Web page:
This week’s Dietitian Spotlight is on a great old friend of mine, Lisa Lang RDN, LD. We graduated from The Ohio State University together in 2009 AND got into the same internship program at Mount Carmel College of Nursing in Columbus, OH.

One of my all-time favorite pictures ever. O-H-I-O in the Shoe on Graduation Day. I'm the middle left and Lisa  is on my right.
One of my all-time favorite pictures ever. O-H-I-O in the Shoe on Graduation Day. I’m the middle left and Lisa is on my right.

Her and Scott (far right) kept me laughing through most of our MNT (Medical Nutrition Therapy) classes. After her internship, Lisa got a job with Dietary Solutions, a consulting company that employs RDs in long-term care, assisted living and group home settings and she has remained in the long-term care field ever since. I’ve always known her as Lisa Kaiser, but this year she tied the knot with her adorable husband Nathan and is now Lisa Lang!


Lisa, what got you interested in the field of nutrition?

I grew up as an extremely picky eater. As a child, the thought of nutrition never entered my mind. As I became older, I realized I had missed out on a variety of foods, flavors and nutrients that directly affected my health. Science had always been my best subject throughout school and I knew healthcare was a viable career field to enter into after college. My career research led me to the perfect fit of becoming a Registered Dietitian Nutritionist.

 What is your favorite part of going to work every day?

In the long-term care setting, most of the residents are there for the remainder of their lives or for an extended amount of time in order to reach their prior level of functioning. In the hospital setting, the average length of stay is 4.8 days. Dietitians may provide diet education or nutrition intervention in the hospital or acute care setting, but many times, the patient leaves and the outcome of your interventions are never known. My favorite part of my day is going to work and seeing if my nutritional interventions are working, and if not, the chance to try again to be successful.

What is the biggest challenge of being a dietitian in your field?

The biggest challenge of being a dietitian in my field is ensuring all state and federal standards of the Department of Health are met not only in the resident care setting, but the dietary setting as well. Documentation is large part of having a successful career in the long-term care setting.

Do you follow any certain diet?

I do not follow a particular diet per se, however the Michael Pollan book, “Food Rules”, captures a Chinese proverb that made sense to me and described how I felt was the best way for myself to eat: “Eating what stands on one leg (mushrooms and plant foods) is better than eating what stands on two legs (fowl), which is better than what stands on four legs (cows, pigs and other mammals.)” I try to keep majority of my diet plant based and as natural as possible.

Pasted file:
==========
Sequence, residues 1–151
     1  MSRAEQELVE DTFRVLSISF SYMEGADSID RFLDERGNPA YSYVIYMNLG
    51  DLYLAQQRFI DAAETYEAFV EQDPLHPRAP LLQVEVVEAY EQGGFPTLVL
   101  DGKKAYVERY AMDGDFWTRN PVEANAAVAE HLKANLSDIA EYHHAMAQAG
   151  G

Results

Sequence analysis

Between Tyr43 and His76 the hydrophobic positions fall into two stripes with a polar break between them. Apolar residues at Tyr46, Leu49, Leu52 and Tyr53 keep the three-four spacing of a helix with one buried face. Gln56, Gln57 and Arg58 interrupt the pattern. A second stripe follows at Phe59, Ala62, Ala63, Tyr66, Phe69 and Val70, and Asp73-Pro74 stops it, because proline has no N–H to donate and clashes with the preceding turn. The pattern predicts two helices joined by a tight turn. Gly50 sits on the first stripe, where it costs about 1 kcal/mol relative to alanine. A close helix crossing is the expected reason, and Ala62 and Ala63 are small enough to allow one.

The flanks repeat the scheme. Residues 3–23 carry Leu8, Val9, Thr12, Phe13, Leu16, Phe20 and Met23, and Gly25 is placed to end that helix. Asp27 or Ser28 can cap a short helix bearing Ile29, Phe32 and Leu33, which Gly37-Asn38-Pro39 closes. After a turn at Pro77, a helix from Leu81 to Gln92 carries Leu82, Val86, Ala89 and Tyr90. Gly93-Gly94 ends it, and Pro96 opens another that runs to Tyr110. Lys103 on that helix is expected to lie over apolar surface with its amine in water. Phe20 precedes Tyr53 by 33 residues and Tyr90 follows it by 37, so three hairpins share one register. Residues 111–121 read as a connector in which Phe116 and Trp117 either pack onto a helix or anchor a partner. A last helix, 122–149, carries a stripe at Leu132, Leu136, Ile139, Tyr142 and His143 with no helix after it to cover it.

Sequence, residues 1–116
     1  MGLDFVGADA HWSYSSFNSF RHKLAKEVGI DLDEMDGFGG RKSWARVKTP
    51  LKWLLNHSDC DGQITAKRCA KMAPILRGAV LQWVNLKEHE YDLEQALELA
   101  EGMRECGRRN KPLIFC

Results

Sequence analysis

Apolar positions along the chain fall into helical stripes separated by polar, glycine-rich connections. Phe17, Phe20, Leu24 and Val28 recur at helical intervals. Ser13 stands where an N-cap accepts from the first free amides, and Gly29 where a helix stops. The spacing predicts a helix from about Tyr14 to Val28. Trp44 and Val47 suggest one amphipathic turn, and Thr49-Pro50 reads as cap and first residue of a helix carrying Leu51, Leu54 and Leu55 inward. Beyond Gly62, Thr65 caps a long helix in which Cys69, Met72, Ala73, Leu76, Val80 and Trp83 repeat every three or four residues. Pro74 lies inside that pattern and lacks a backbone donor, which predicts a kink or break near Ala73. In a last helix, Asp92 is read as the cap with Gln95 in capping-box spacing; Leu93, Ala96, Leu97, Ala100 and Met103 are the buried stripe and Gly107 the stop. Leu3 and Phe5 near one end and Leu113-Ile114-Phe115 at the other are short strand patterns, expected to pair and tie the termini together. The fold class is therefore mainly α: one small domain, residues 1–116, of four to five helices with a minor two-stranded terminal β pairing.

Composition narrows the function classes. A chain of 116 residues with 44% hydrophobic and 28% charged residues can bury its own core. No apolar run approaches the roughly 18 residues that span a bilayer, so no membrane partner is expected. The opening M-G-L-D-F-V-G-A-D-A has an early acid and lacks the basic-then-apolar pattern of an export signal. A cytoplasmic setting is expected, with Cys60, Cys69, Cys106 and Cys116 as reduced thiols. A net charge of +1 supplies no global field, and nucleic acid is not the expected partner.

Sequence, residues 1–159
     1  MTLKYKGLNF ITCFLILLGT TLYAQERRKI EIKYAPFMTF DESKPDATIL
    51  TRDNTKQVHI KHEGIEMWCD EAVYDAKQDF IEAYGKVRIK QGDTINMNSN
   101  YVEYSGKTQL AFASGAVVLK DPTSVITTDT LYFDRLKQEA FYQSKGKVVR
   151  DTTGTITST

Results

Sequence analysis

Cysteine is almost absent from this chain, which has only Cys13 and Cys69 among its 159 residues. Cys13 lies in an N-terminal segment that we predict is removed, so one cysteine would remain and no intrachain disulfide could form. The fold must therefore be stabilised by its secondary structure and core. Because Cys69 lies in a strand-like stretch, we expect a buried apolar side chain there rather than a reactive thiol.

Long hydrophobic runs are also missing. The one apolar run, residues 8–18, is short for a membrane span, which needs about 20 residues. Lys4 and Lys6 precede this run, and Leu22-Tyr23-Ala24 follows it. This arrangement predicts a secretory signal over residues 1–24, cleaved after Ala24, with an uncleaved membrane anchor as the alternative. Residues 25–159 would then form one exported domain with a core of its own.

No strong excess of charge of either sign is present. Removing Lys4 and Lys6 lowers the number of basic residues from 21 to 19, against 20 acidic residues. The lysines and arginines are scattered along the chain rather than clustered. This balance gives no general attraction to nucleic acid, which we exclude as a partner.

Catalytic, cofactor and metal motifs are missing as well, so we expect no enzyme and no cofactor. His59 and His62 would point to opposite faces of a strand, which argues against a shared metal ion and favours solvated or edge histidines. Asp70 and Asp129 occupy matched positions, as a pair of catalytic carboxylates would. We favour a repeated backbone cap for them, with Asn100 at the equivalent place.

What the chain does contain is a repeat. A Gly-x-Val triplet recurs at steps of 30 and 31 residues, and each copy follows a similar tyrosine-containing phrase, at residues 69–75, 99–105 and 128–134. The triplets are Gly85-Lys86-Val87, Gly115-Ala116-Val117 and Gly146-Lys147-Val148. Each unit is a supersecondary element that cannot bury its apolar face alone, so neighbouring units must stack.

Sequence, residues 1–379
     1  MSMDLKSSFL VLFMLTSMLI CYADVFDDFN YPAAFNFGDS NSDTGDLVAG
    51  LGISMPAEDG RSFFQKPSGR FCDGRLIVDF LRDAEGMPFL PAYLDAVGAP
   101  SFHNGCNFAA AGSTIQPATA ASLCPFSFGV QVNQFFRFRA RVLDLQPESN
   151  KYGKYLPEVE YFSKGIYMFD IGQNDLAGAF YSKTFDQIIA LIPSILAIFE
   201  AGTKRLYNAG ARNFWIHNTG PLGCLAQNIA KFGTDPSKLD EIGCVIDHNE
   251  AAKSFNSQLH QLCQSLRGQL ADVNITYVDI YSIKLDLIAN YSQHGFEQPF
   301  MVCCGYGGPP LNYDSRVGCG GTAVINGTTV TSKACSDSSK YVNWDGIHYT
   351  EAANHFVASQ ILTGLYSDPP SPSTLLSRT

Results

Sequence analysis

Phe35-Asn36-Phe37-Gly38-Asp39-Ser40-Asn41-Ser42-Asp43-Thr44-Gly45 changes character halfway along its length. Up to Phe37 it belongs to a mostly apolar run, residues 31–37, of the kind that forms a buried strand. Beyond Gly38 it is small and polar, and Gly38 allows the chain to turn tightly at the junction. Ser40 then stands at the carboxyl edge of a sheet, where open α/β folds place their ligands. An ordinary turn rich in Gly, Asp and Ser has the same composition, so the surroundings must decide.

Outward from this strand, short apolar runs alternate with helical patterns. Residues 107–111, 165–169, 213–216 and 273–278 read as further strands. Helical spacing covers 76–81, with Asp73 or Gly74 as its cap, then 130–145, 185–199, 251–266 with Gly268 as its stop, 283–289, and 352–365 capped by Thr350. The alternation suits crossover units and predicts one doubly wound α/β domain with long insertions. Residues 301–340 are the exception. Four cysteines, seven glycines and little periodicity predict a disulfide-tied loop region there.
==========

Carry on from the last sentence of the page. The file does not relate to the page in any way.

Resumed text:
What is one food you couldn’t live without?

The one food I could not live without would be cheese. There are so many kinds of cheese that add different flavors, texture and nutrients to foods. Whether eaten by itself or used as a small component of a dish, many dishes would not be the same without cheese.

What is the top tip you give your patients?

Most of my patients who are looking for my expertise are usually looking to lose weight to improve their health to make their rehabilitation more successful. The top tip I give them is to set obtainable goals. You cannot overhaul your diet all at once and expect to have sustainable change. When you set one, realistic goal at a time, you give yourself time train your body to pick up healthier habits to produce positive, sustainable change.

1185334_10103431383137605_1328465026_nWhat is your favorite place to go or thing to do in your city?

My city is Columbus, Ohio. My favorite thing to do in my city is attend sporting events of any of the many sports teams that reside in Columbus. Sporting events are always the perfect reason to get family and friends together.

What advice would you give someone interested in a career in the nutrition field?

My advice would be to job shadow, observe, and work in the field of nutrition you want to pursue. You may feel that one a particular field is right for you; however, the day-to-day tasks and duties may not be what you had expected.

If you have any questions for Lisa, she can be contacted at:

Thank you Lisa for being a part of my Dietitian Spotlight Series and sharing your experience in the long-term care field!